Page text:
And finally there was ‘Beneath Your Beautiful’ by Labrinth. Freya is a secondary character in Northern Heat, but through her actions, and those of her family, she has a huge impact on the story. I know I’ll write her story one day. She’s a beautiful young woman who’s troubled past has taught her that she’s only as good as her looks.  She’s trapped in a marriage that’s spiraling deeper and deeper into violence, but with two children to support she’s terrified of leaving and petrified of staying. The song gave me the optimism to write her story as it was, warts and all, knowing that she would have to face her demons one day.

I hope you enjoy the four songs that provided the backdrop for Northern Heat. Capt G and Zeus are both very glad I’ve finished writing it and there’s different music onboard Roobinesque again!

I suspect the need for music was because Northern Heat, like Burning Lies, is an intimate story.  It’s about a struggling single mum juggling a busy career as a doctor, a man in need of redemption and a teenager hell bent on finding love for her mother again.  At the heart of it is domestic violence, the ripple effect that it can have on the individual, the family and the wider community. Maybe because it is a dark theme I needed music to feed my soul.

If you’re a reader  – do you listen to music when you read? If you’re a writer – do you need music playing when you write?

I’d love to hear what works for you


To celebrate the release of my sixth book I have six prize packs to give away. Four of them are duos of SAFE HARBOUR and NORTHERN HEAT and one major prize is a complete set of my six books. For international readers there is a duo of e-books to be won. To enter leave a comment here or share the post and/or the trailer on social media site and I’ll double your chances! Hope to see you through May at the following blogs:

5th May:

7th May:

10th May:

12th May:

14th May:

17th May:

19th May:

21st May:

24th May:

26th May:

28th May:

31st May:

2nd June: Wrap up and announce the winner on my blog-


Northern Heat – Release date 27th May, 2015 In steamy northern Queensland, Conor is rebuilding his shattered life. Working at Cooktown’s youth centre has given him the chance to make a difference again, and the opportunity to flirt with Dr Kristy Dark. The local GP is hiding her own secrets and struggling to raise her feisty teenage daughter alone. When a severe cyclone menaces the coast, threatening to destroy everything in its path, tensions come to a head – and the weather is not the only danger. Cut off from the world and with her life on the line, Kristy will have to summon her courage and place her trust in Conor, or they’ll both lose someone they love.

Author Bio When Helene’s not writing novels she enjoys a busy career as the Queensland Regional Flying Manager with Australia’s largest regional airline. She’s worked in aviation for over 25 years and has 260 pilots reporting into her. She recently appeared in ‘Judith Lucy is All Woman’ in an episode showcasing women in aviation. She has twice won the highly coveted RWA’s Romantic Book of the Year in 2011 and 2012 and was shortlisted for the Daphne du Maurier Award for Mainstream Crime and Suspense. She has also been nominated in the Ned Kelly and Sisters in Crime Awards. Helene’s last novel, Safe Harbour, was voted Australia’s 2014 Favourite Romantic Suspense Novel. This is the fourth time Helene’s stories have won the award. A motivational speaker and writing mentor, Helene lives aboard a catamaran on the edge of the Great Barrier Reef and she plans one day to sail around the world in it.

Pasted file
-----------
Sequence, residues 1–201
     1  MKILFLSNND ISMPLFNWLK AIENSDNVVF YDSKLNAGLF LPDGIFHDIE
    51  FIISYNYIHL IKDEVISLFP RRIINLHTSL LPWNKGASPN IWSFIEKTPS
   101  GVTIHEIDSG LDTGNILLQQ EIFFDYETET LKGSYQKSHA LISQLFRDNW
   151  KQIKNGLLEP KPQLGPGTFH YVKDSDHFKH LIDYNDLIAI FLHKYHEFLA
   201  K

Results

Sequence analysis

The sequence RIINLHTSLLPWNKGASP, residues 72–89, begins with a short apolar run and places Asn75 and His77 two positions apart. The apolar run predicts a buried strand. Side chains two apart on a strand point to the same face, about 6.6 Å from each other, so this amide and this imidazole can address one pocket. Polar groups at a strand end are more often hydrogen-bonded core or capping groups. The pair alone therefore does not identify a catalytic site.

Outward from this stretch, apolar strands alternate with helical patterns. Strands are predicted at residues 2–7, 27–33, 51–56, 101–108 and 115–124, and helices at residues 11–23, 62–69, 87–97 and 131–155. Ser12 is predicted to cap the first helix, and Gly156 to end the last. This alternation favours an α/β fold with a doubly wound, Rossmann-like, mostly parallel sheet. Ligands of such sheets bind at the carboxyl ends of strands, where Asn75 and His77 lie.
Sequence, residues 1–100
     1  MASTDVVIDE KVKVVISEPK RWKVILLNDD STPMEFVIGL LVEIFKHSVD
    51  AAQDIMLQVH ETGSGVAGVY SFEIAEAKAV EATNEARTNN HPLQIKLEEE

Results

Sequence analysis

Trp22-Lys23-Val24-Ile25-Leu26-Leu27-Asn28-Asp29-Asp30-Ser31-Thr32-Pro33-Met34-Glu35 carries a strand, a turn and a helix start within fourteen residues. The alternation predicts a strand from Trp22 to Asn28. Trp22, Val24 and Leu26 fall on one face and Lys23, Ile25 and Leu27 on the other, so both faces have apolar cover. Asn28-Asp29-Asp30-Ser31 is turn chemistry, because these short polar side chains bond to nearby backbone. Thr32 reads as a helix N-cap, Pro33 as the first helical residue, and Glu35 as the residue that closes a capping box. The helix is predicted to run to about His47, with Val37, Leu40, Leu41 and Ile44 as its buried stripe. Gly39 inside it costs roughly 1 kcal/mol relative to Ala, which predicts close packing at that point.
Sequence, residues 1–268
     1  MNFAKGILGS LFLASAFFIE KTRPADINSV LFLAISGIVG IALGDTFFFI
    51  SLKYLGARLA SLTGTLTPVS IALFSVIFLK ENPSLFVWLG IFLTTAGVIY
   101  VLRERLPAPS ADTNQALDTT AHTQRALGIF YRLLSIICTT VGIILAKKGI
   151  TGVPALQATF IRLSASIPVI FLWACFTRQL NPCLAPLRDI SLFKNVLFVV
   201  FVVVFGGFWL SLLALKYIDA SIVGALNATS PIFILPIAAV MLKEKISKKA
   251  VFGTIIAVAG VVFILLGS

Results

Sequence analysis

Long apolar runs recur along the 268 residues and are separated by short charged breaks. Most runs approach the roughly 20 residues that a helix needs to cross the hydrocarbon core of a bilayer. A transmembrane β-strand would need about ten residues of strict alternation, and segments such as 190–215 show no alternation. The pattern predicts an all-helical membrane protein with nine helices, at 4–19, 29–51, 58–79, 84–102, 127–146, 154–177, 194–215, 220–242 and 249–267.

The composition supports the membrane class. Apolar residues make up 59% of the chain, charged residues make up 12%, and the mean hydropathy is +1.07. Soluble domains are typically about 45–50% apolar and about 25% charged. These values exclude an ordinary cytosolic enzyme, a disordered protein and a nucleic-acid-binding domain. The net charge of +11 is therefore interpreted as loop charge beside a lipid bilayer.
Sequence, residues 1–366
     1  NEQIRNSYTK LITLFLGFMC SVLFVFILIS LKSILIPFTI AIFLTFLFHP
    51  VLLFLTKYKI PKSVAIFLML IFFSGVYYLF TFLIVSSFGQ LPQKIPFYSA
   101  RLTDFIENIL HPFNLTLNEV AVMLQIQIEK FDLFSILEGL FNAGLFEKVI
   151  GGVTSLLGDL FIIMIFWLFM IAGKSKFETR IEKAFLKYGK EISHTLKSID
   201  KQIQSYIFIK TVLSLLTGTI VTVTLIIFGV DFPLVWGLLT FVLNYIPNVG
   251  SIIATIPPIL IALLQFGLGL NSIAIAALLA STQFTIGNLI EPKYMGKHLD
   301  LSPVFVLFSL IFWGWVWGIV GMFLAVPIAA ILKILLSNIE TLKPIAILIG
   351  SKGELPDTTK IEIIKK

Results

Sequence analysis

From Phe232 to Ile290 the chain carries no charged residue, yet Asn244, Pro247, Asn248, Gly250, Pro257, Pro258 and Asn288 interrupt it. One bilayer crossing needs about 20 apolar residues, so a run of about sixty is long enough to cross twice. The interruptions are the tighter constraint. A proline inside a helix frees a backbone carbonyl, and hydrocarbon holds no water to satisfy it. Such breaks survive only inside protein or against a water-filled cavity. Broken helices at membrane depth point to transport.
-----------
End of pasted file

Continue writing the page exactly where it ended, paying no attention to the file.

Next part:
Pre-order Buy Links

Northern Heat Trailer You Tube: HTML version : Flat Cover Northern Heat Med Res


Review: The Soldier’s Wife by Pamela Hart

Soldier's WifeThe Soldier’s Wife
Pamela Hart
Hachette AUS
2015, 384p
Copy courtesy of the publisher

Ruby and Jimmy had a whirlwind courtship and swift marriage and now Jimmy is being shipped out to aid in the fight in the Great War. He’s being sent to Gallipoli and because of this, Ruby’s life must change. More and more women are getting jobs and although Ruby could go home to her family, that doesn’t interest her. She’s been keeping the books for her family business so she thinks she has skills to offer in Sydney. She gets a position at a lumber yard, managing to win over the owner even though some of the other employees regard her with suspicion. A women’s place is not at work.

Ruby’s world gets even more complicated when her boss suffers a devastating loss in the war and retreats into himself, neglecting the business. Ruby is the only person who will go to the house and speak to him, the other men in the yard saying it’s not their place. Only with a combination of gently coaxing and occasionally, verbally bullying him can she get the information she needs to keep the men paid and the mill running. There are some things Ruby can’t do though and bit by bit, she gets the boss back to work, although there are frequent setbacks.